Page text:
There are simple ways to cut lead times and costs that are sometimes overlooked. It really helps the estimator when the bid is neat, plans are in place, an expeditor on staff or even negotiate in the bid stage. Also, something as simple as specifying the required delivery date in the RFQ, or suggest that bidders supply two bids: one meeting their schedule and one with their standard schedule (this will help during negotiations.) Customers can even look into becoming an Alliance Partner  in order to get every detail of their project from start to finish, communicated directly to them, with tailored service and a personal “go-to” coordinator. 


Lead times are also typically reduced when the steel fabricator receives shop ready drawings because this helps eliminate the engineering process. Another way is to negotiate with the fabricator- it might be difficult at times, but it could help reduce lead times. Many of these bids are based on the fabricator’s backlog at the time the project is quoted, so if a customer needs a better lead time than what is shown in the quote, they shouldn’t hesitate to ask.  Not only does this allow the customer to get the best date possible, but the fabricator can pin-point a production slot for the work in advance, which makes production planning easier on the supplier.

Here are a few things to provide when submitting a bid to help save money and get the best lead times:

  • Shop-ready drawings
  • Technical specifications
  • General arrangement drawings or engineering drawings
  • Plan and profiles
  • Loads (tensions, equipment cut sheets, environmental loads, etc.)
  • Site address and contacts
  • Delivery date

What effects delivery from a customer’s side?

When changes are made far into the process, it can cause a snowball effect on the fabricator’s other projects.  If a customer misses their production slot due to changes, the next available slot may be weeks or months out.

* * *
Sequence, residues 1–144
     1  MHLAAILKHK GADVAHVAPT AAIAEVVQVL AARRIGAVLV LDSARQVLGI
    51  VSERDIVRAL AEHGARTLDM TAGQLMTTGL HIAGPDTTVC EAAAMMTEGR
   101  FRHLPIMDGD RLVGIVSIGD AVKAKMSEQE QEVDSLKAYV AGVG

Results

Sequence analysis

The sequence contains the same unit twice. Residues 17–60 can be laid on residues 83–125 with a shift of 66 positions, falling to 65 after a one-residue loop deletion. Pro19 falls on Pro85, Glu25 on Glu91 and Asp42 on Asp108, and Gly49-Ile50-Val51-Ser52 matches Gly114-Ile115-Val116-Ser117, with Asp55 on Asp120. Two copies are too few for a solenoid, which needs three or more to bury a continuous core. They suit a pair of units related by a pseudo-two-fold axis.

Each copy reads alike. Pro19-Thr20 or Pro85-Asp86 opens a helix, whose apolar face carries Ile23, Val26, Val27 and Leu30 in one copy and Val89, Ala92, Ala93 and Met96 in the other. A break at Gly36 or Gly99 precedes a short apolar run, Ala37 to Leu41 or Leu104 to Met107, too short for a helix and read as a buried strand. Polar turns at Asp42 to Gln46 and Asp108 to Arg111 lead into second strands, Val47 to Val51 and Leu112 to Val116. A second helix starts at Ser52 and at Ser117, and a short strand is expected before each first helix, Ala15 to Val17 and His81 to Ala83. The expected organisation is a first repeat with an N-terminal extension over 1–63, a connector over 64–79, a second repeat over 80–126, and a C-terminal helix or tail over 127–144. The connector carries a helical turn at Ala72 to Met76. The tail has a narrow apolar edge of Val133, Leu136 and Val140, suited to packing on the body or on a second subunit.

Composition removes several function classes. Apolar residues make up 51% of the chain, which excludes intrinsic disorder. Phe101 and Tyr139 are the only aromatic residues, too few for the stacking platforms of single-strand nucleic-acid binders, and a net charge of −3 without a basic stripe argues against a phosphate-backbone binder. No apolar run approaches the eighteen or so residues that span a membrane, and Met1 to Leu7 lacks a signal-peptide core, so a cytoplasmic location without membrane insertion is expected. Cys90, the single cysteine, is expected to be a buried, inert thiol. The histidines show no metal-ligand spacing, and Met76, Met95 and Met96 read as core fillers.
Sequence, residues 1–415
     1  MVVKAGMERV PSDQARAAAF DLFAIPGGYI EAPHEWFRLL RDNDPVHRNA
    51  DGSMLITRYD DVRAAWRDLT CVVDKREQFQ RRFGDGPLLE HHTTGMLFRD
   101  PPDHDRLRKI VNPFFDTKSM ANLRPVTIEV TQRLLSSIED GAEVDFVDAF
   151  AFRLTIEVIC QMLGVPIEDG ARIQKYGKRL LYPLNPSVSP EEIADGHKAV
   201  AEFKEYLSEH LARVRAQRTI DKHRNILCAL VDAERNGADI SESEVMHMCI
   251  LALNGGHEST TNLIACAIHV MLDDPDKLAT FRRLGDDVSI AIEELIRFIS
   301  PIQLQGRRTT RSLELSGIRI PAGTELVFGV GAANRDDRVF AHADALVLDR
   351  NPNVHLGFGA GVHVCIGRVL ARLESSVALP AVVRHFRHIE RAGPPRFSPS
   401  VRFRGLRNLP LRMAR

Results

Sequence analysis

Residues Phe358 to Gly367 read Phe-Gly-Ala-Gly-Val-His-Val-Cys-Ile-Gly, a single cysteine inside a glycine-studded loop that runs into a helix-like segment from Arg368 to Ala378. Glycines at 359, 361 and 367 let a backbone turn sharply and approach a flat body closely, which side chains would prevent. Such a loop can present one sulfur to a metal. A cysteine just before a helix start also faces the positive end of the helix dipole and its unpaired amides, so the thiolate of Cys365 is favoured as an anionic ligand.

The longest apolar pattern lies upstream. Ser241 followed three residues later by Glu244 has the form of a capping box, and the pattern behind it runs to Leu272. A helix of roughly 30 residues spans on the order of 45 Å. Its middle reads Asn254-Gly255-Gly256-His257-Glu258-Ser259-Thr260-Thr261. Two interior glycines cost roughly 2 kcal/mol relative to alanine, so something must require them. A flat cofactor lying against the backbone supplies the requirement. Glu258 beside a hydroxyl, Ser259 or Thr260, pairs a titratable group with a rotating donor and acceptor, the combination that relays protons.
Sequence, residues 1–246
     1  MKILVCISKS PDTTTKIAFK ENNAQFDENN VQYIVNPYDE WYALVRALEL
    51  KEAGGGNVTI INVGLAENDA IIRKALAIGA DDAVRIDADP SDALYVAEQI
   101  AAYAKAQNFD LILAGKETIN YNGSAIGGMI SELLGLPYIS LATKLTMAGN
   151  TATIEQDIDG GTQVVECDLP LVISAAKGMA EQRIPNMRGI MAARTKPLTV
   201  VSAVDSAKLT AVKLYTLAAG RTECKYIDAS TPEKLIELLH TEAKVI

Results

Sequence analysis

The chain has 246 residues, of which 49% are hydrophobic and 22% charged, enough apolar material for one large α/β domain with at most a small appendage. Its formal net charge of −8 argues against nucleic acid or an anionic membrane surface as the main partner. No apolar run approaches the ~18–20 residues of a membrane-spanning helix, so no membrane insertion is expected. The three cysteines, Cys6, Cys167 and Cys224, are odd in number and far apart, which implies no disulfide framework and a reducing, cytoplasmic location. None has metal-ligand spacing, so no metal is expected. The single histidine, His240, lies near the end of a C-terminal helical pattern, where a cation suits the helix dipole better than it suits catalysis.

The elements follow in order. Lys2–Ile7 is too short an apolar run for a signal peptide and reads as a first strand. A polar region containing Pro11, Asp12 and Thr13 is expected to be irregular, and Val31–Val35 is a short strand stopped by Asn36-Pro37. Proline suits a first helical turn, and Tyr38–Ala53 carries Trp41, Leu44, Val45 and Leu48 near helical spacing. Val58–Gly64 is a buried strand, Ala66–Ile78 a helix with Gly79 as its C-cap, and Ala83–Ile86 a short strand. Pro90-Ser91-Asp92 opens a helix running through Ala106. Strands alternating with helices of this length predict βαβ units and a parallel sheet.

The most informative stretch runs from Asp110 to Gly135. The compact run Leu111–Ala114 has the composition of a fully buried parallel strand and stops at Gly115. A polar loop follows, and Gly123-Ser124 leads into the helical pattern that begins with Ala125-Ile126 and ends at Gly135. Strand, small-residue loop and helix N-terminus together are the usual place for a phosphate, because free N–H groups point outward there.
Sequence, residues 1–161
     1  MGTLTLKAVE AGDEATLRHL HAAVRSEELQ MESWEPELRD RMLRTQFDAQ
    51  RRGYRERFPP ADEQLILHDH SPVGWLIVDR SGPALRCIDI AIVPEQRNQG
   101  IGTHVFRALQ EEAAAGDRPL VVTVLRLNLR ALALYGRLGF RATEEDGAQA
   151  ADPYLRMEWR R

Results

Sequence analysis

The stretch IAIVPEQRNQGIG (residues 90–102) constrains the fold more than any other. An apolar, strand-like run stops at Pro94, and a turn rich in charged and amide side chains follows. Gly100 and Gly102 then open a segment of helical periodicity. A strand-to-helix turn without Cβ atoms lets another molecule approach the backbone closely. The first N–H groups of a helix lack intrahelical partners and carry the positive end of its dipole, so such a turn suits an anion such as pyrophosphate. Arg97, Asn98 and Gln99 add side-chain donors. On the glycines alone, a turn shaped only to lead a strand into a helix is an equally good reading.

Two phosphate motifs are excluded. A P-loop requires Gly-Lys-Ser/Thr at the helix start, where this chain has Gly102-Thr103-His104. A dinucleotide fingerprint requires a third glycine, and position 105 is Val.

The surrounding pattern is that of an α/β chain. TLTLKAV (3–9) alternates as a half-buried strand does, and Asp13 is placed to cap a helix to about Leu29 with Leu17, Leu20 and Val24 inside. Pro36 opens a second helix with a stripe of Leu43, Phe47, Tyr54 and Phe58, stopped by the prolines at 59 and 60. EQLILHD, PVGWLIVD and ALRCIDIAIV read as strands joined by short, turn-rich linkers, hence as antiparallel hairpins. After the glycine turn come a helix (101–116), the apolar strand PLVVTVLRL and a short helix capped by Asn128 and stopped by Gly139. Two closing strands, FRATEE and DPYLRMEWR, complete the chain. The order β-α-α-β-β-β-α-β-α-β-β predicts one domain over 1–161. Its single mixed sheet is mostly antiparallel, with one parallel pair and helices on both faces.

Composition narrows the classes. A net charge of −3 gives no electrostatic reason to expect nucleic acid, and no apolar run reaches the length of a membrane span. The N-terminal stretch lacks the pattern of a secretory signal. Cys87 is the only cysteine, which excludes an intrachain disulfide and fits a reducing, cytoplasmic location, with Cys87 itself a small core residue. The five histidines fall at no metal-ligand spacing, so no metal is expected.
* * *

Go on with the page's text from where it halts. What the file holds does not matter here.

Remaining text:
From the fabricator’s side?

Shop capacity is the main factor.  Fabricators book work with the intensions of filling their available shop capacity while maintaining sales goals.  Secondary to shop capacity is engineering capacity, which may affect lead times on design jobs that are engineering intense. So, as a customer, you want to be sure to obtain information regarding the fabricator’s shop and engineering capacity.

How a bid comes together from a fabricator's point of view:

1. Submit to proposal administrator, such as a specific person or email address

2. Quote is logged and filed electronically/hardcopy

3. Quote is reviewed for scope and schedule by estimating manager

4. Next…

    a. If engineering required: goes to engineer for preliminary design and weight takeoff

    b. If no engineering: goes to estimator for weight takeoff

5. Materials and direct costs are estimated by estimator

6. Terms and specifications are reviewed by estimator

7. Schedule and margins discussed with estimating manager

8. Proposal submitted by proposal administrator to customer

Since fabricators are doing several bids per day, and if the requested time to put together a proposal is two weeks, then having all of the information neat, organized and complete will help ensure the best price and lead time.

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8 Tips for How Utility Lineman Can Prepare for Winter Storms

Posted by Melissa Hines on Jan 14, 2015 1:36:04 PM

Winter has arrived and the temperatures are brutal, especially for those working outside. Single digit and below zero temperatures are very common in many parts of the U.S. and many face the challenge of keeping their lineman warm at outdoor and poorly heated work sites. During these times of extreme weather, follow these 8 tips for how utility lineman can prepare for winter storms. 


  • Wear the right clothing, and layer it well. Synthetic fibers are often best in extreme conditions.  These fibers tend to wick away sweat before it can grow cold against you. Fleece manages to keep you warm, as does wool. Insulated coveralls may be a good investment for people working outside for long periods of time.
  • Keep your head and neck well covered. Scarves are a good way to lock in heat. Helmet liners for hard hats made of fleece can also help add a layer of warmth.
  • Choose appropriate gloves. Fabric and texture need to be suited for the job but try and find gloves with a liner that feature fleece and are water-resitant.
  • Double layering your socks and wearing insulated or composite toe boots will help when walking or standing on cold surfaces.
  • Wearing wrap –around eye protection can help preserve body heat.
  • Staying hydrated during the winter is crucial for workers/lineman.  Drinking warm water instead of cold will help keep body temperature up.
  • Indulge in high fat foods. Foods high in fat give your body the fuel it needs to stay warm and alert.
  • Investing in a safe space heater may be best for smaller work areas.